I read recently — and sadly — of another suicide by a gay teen. Josh Pacheco of Michigan took his own life in January and his mom believes it was in response to incessant bullying because he was gay. Once again I can’t help wondering why, in an era of increased acceptance of gay marriage and ever-growing numbers of gay parents, have we not gotten beyond this? It’s 2012, not the 60s or the 70s! And why, with the sophistication we have in so many areas, do we still fall so short when it comes to how we treat our fellow humans? I’ve said it before here, and — unfortunately — I’ll likely say it again: what happened to decency and common courtesy…to treating others as we want to be treated? And, like I’ve also noted before, what is the matter with the adults in our society: the parents who allow their children to pick on others (or worse, treat their own children in such a way that they are so insecure that they harass others); the teachers and administrators who turn a blind eye to the abuses happening in their hallways; or the religious leaders who preach hate in the name of faith and their god?
While I’ve not yet had the opportunity to read John Schwartz’s Oddly Normal, his interviews with the Huffington Post and others sheds light on the fact that, even if one of the pieces is in place — say, a child has actively supportive parents — it may not be enough. Given each teen’s individual insecurities, level of maturity or social skills (to name just a few), even the most supportive parents may not be enough to help a kid navigate the emotional and interpersonal challenges of adolescence. Layer on top of that sexuality and coming out, that’s a whole lot to deal with.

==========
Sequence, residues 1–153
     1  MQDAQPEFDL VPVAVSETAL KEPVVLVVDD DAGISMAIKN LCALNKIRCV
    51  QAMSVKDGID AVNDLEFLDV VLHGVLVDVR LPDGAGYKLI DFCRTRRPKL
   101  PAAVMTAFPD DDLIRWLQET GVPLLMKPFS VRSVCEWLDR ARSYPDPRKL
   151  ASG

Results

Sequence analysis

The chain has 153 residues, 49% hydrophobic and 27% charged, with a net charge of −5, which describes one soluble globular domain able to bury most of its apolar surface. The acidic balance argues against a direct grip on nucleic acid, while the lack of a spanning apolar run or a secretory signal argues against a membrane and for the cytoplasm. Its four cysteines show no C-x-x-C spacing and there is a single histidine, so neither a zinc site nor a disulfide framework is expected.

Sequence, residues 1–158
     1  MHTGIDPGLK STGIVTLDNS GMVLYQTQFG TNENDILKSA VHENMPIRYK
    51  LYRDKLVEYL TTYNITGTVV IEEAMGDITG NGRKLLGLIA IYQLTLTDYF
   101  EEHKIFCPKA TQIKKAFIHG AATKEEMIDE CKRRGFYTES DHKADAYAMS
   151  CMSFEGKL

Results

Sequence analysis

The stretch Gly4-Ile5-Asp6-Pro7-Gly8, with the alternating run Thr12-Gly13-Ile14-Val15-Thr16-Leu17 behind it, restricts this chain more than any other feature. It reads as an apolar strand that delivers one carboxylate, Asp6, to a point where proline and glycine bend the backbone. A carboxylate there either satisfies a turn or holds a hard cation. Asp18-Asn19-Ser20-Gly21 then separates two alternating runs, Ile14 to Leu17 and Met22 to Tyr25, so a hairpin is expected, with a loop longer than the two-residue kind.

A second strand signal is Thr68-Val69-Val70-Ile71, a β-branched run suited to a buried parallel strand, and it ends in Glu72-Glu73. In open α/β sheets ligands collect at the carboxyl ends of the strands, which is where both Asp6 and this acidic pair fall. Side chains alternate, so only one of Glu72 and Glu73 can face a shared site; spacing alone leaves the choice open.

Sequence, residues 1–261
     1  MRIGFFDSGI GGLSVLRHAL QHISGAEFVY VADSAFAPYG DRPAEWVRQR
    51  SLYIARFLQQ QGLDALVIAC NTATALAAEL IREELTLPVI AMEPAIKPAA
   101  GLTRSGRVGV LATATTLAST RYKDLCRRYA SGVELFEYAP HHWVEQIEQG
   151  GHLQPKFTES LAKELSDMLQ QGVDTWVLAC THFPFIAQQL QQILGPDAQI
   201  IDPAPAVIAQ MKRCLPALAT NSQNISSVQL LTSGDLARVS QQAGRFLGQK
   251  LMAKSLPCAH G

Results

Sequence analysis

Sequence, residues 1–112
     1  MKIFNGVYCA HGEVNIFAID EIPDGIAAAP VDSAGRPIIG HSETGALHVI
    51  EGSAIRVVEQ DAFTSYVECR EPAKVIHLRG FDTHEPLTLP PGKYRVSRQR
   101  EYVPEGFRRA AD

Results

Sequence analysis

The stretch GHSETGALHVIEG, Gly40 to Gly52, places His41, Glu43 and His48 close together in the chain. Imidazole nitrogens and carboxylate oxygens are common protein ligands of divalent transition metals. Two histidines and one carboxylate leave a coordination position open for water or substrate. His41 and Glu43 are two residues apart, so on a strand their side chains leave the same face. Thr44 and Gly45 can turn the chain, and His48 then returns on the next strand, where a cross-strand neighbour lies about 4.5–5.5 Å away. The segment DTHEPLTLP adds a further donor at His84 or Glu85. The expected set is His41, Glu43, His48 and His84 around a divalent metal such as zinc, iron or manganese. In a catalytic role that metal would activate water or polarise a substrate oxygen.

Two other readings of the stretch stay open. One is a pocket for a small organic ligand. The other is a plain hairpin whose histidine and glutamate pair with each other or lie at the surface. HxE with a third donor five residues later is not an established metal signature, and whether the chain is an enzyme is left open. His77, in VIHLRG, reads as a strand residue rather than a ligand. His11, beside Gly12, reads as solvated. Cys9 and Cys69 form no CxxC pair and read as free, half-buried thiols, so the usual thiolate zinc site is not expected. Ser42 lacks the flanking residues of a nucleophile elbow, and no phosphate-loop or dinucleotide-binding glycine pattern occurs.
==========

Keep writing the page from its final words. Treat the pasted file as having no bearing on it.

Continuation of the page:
Schwartz’s son wrestled with and, thankfully, overcame all of these — an awareness of his sexuality coupled with a physical and an emotional life taken over suddenly by the unseen forces of adolescence. Sadly, as we’ve seen far too often in recent years, this is not the case for many teens, those who have succumbed to outside forces telling them that they are not worthy.
So, in addition to supporting our children and teens as they come out, we also must be supportive of them while they don’t. We must be mindful of the turmoil of adolescence while continually striving to restore kindness, compassion, decency and tolerance to the society into which gay teens will emerge once they’ve outgrown the closet.
While I couldn’t agree more — in theory — with those who say that everyone who identifies as LGBT should come out, In practice, however, it’s not so cut-and-dry, particularly in a society that has become more violent and seemingly more divided. What Schwartz’s interview did for me was to remind me of the responsibility we share as members of the LGBT community to come out when we can, to lead by example and to work to break down barriers to build a stronger, safer and more compassionate society into which our children, and peers, can come out. This goes for allies too — the friends, families, coworkers and others who rightly care about us because of who we are and not what we are.
Those of us who can, should, so that those among us who for whatever reason are not yet able, might. Especially for the kids who, because of the mysterious and diverse ways their adolescent brains and bodies work, may not understand fully the possible repercussions of throwing open the closet door until it’s too late. We need to be an ever-growing safety net to catch those for whom coming out proves perilous. And, to lead by example, hopefully helping build a society that makes it safe for everyone to embrace their individuality…and to one day make the safety net obsolete.